In the weeks around the tenth anniversary of Hurricane Katrina at the end August, there was a veritable storm of reports and comments disputing the outcomes of the re-organisation of the New Orleans public school system following the hurricane. The heart of the issue was the effects from turning New Orleans into virtually an all-charter school city.
New Orleans is the biggest charter school experiment in the United States. Its proponents claim it has boosted student results and have put it forward as a model for other jurisdictions to follow. Others vehemently reject the claims.
Continue reading “The Battle Over New Orleans Charter Schools”
David Leyonhjelm, Liberal Democrats senator for NSW, wants to introduce for-profit schools in Australia. It would be a huge mistake.
For-profit schools have a very bad record. They have failed to provide better student outcomes than other schools and often deliver worse results. Many have gone bankrupt leaving students in limbo and facing massive debts.
Continue reading “For-profit Schools Have a Bad Record”
A new report suggests that the faith placed in independent public schools to improve student results is misplaced. The report, published last month by the UK National Foundation for Education Research, found that academy schools (which are an English version of independent public schools) perform no better than traditional public schools.
Continue reading “More Bad News for Independent Public Schools”
The recent Senate Estimates hearings revealed that the Victorian Government has agreed to support the establishment of two P-TECH schools in Ballarat and Geelong. A joint announcement by the Federal and Victorian ministers of education is imminent according to Federal Education Department officials.
The P-TECH schools are a pet project of the Prime Minister following his visit to the flagship school in Brooklyn, New York, last year. It was another “captain’s call” by the Prime Minister that has not received adequate public scrutiny. Details of the program are shrouded in secrecy and are being developed and negotiated behind closed doors. The Estimates hearings shed little light on the arrangements. Continue reading “Vic Govt Agrees to Support P-TECH Schools”
The following is a summary of an Education Policy Brief by Save Our Schools on P-TECH schools. The full Brief can be downloaded below.
Last year, the
Federal Government announced $0.5 million funding for a new type of school in
Australia incorporating high school education and two years of tertiary
training. It is based on the P-TECH
(Pathways in Technology Early College) school in Brooklyn, New York, established
by the giant IT multinational IBM and now being rolled out in several US cities.
The model is personally endorsed by the Prime Minister, Tony Abbott. Under the proposal,
two existing schools in Ballarat and Geelong will be converted into P-TECH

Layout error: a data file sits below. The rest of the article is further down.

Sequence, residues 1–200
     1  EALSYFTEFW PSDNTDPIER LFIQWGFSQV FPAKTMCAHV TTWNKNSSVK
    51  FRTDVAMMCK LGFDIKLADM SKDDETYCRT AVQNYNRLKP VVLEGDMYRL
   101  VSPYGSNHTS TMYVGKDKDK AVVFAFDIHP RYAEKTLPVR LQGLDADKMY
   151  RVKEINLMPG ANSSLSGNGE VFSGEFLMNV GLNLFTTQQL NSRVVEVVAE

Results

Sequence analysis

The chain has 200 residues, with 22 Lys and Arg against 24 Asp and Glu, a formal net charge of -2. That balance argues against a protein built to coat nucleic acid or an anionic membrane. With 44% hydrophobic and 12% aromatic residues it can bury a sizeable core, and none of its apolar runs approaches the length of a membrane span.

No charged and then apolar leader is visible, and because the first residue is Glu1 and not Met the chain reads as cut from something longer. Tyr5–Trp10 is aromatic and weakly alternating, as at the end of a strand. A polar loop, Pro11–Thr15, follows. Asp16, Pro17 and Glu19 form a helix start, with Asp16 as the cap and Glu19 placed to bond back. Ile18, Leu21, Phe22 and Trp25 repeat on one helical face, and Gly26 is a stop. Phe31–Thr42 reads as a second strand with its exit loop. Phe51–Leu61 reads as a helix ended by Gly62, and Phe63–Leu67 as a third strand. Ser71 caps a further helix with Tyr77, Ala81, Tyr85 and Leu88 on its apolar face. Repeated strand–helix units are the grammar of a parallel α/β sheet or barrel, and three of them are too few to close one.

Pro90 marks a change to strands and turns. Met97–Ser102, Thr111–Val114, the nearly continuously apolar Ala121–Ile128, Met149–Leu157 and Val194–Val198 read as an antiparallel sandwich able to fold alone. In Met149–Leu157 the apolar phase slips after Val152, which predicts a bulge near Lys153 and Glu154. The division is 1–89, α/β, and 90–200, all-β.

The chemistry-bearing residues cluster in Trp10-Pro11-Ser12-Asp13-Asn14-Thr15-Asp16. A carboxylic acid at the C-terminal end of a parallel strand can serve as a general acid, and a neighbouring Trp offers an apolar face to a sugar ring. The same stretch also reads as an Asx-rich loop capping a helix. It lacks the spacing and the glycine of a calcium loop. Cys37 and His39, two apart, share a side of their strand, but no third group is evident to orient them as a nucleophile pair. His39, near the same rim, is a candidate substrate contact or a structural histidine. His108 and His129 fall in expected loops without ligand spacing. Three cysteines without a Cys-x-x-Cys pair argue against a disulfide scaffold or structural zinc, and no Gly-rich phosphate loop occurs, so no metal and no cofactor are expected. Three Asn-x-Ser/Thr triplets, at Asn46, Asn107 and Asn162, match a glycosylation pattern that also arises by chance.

Continue reading “P-TECH Schools are Unproven and Threaten Public Education”
A report has detailed fraud and waste in charter schools in the United States totalling over $200 million in 2014 and 2015. The report says that this is likely to be the tip of the iceberg and that the federal, state and local governments stand to lose more than $1.4 billion because of regulatory failure.
Continue reading “Massive Fraud and Waste in US Charter Schools”
The UN Special Rapporteur on education, Mr Kishore Singh, recently voiced his concern over governments actively encouraging the growth of private education in basic education. In his statement, Mr Singh called upon governments to stand against the idea of privatising basic education and to strengthen their public systems to ensure free, quality, basic education for all.
Continue reading “UN Education Expert Calls on Governments to Stand Firm Against Privatisation of Education”
A UK House of Commons report published last week says that there is no evidence that academies, England’s version of independent public schools, improve school results. The report by the bi-partisan education select committee said that although it was clear that academies led to greater competition, there was not yet proof that they raised standards for disadvantaged students or overall. Several issues raised by the report are very relevant to the expansion of independent public schools in Australia.
Continue reading “No Evidence that Independent Public Schools in England Raise Standards”
Charter schools are a central component of current efforts to change the face of public education in the United States. Charter schools are publicly financed, but free of many of the regulations that govern traditional public schools, such as those involving staffing, curriculum, and budget decisions. Independent public schools in Australia are similar to charter schools in some respects such as autonomy in staffing and budget decisions.
Continue reading “Charter Schools’ Promise Unfulfilled”
A leading US education research economist caused shockwaves amongst the education research community last week by saying that markets don’t work in education. Dr. Margaret Raymond from Stanford University said that after decades of looking at charter schools in the US she has come to the conclusion that the “market mechanism just doesn’t work” in education.
Continue reading ““Markets Don’t Work in Education” Shockwave”